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Photo: MacGyver CBS. MacGyver’s DIY ventilator.

Season 5 Episode 6.

I normally just jump right into the science stuff for these episodes, but I need to add some additional comments. This episode takes place during the pandemic shut down — and it’s one of the best of all the MacGyver shows. It’s just so good. Here are some of the things that makes it awesome.

  • I think this really captures the feelings that we all experience during a lock down and in this pandemic. The toilet paper, cleaning the kitchen, disinfecting the groceries. Oh, and MacGyver’s ukulele song about Fauci.
  • Face masks. I love the use of face masks — I’m not even sure why. But look at Bozer, he wears a mask, a face shield AND gloves. …


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Photo: Rhett Allain

I’m currently reading Randall Munroe’s book, How To (Penguin Random House). Personally, I love anything from Randall Munroe — you might know him from his awesome xkcd comics.

The basic idea of the book is to take some crazy (or even normal) questions and explain how to do them. For instance, this question was “how to jump high”. Of course, it’s just a book — and with that, he has to skip over some of the details. But that’s why I’m here. I’m going to fill in all the missing details of some of these equations.

Here is the one I want to start with. The idea is that if you are moving with some speed, you can redirect that velocity upward and send yourself into the air. This would be the case of running on a skateboard and then hitting a vertical ramp. Munroe then gives the following equation (which I have reproduced with LaTeX). …


Season 5 Episode 5

Skee Ball Physics

This not really a MacGyver hack, but it’s still physics. Mac and Riley are playing skee ball. His explanation for why he’s going to do better at the game goes like this:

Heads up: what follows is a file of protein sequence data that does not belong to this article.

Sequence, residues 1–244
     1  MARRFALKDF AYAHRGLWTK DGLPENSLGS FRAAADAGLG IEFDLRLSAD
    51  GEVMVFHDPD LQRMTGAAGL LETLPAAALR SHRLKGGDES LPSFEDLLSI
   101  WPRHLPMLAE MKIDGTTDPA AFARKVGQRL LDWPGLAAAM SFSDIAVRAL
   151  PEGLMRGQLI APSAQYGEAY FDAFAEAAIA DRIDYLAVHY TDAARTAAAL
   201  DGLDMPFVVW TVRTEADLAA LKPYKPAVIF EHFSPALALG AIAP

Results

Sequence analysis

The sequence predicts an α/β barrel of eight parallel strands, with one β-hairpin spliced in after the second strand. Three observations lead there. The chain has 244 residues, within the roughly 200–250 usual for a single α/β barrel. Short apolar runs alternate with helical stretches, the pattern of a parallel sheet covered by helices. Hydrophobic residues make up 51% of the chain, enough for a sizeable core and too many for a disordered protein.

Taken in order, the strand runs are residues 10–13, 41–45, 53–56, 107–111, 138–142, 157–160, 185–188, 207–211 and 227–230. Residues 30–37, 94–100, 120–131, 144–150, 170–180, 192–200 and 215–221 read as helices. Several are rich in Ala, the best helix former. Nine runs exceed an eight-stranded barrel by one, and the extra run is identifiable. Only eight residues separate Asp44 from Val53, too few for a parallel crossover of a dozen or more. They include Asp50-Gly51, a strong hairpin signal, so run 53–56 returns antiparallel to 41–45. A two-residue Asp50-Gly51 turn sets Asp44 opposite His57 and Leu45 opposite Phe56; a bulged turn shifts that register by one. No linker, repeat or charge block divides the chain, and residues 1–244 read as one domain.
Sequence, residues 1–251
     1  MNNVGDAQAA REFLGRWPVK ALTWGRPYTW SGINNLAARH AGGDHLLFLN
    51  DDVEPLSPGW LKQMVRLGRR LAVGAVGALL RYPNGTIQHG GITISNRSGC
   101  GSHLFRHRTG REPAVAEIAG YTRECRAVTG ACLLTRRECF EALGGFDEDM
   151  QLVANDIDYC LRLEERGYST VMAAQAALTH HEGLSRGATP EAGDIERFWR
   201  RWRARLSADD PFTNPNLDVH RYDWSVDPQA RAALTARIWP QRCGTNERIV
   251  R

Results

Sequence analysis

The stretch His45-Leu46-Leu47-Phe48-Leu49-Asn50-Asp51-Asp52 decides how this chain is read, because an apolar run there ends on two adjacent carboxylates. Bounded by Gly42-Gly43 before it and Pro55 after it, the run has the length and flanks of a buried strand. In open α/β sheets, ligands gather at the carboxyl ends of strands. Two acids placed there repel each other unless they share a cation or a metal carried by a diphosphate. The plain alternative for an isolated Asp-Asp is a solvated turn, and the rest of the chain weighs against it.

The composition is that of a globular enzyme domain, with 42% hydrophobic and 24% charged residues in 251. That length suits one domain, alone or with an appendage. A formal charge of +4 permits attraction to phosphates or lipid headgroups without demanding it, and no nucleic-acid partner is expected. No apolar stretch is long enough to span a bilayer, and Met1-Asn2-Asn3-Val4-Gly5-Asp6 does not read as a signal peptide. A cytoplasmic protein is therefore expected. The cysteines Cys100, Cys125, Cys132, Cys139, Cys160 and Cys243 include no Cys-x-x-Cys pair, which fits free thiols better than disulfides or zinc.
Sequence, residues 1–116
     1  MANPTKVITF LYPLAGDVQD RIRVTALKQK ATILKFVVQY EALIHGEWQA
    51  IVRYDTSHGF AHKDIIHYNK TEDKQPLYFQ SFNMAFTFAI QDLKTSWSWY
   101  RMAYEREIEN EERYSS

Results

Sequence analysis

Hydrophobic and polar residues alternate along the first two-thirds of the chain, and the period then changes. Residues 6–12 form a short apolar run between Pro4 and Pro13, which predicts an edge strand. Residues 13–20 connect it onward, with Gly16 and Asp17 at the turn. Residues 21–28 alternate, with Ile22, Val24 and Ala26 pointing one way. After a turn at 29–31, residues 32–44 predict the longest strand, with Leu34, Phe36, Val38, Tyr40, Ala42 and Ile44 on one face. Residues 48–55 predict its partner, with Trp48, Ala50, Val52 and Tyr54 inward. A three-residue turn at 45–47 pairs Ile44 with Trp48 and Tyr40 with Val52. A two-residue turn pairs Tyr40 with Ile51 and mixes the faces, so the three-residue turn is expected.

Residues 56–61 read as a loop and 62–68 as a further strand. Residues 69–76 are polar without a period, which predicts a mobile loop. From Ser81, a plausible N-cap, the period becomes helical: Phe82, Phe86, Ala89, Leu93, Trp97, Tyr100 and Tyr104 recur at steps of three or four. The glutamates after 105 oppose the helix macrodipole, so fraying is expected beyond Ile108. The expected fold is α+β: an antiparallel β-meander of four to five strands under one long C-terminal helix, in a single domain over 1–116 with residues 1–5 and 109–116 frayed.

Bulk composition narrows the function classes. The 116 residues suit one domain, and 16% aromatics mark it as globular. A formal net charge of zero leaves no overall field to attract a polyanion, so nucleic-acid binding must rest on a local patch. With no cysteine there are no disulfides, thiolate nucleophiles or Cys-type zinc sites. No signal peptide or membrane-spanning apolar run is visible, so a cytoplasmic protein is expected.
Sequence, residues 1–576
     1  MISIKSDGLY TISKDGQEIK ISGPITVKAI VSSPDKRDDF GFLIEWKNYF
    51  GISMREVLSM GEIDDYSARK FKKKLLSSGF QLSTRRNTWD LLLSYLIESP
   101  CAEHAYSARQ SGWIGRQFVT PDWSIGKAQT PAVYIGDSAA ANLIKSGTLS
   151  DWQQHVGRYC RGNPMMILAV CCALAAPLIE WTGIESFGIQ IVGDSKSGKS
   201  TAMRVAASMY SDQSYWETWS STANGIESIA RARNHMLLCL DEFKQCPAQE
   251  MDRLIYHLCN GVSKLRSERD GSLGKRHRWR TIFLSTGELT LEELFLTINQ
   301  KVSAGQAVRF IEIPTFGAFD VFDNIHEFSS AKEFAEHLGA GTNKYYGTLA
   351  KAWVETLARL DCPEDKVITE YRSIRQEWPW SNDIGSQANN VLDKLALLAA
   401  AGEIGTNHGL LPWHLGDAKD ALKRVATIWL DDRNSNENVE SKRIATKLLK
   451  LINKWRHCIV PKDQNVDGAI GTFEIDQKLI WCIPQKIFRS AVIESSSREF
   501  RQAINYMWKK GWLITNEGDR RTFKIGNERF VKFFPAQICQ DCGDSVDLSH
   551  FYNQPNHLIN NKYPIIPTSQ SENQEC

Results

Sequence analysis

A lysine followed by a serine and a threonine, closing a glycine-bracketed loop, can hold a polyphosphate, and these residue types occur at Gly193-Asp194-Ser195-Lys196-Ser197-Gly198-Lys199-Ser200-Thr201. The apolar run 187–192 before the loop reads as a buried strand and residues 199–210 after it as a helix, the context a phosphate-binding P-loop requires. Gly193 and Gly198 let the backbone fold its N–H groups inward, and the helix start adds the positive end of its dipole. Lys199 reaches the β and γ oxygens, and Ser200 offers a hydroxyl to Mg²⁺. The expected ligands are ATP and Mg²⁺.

Well, that’s because last time we were here, my kinematic equation scalar and vector variables — but when I compensate for rotational motion…

The basic idea is that a skee ball is a lot like a projectile motion problem. Once it leaves the ramp, the only force acting on it is the downward gravitational force. However, while it’s rolling things are more complicated. …


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Photo: Rhett Allain

In this modern society, cables are pretty much everywhere. It’s not just the stuff that connects your computer and monitor, but data and power cables need to be run all over the place. Often these cables are suspended between poles to keep them out of the way of cars and pedestrians.

Some of these overhead lines might look like they are straight from one pole to the next, but they aren’t. There is always some bit of sag. You can really notice this when the cable mounting points are quite a distance away.

But now we get to the physics of this. What shape does a cable make as it is supported between two points? The answer is a catenary curve. No, it’s not a parabola — even though it sort of looks like one. …


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Image: Rhett Allain. A cordless drill used as a microphone.

Season 5 Episode 4

A quick comment. I really liked this episode. It has: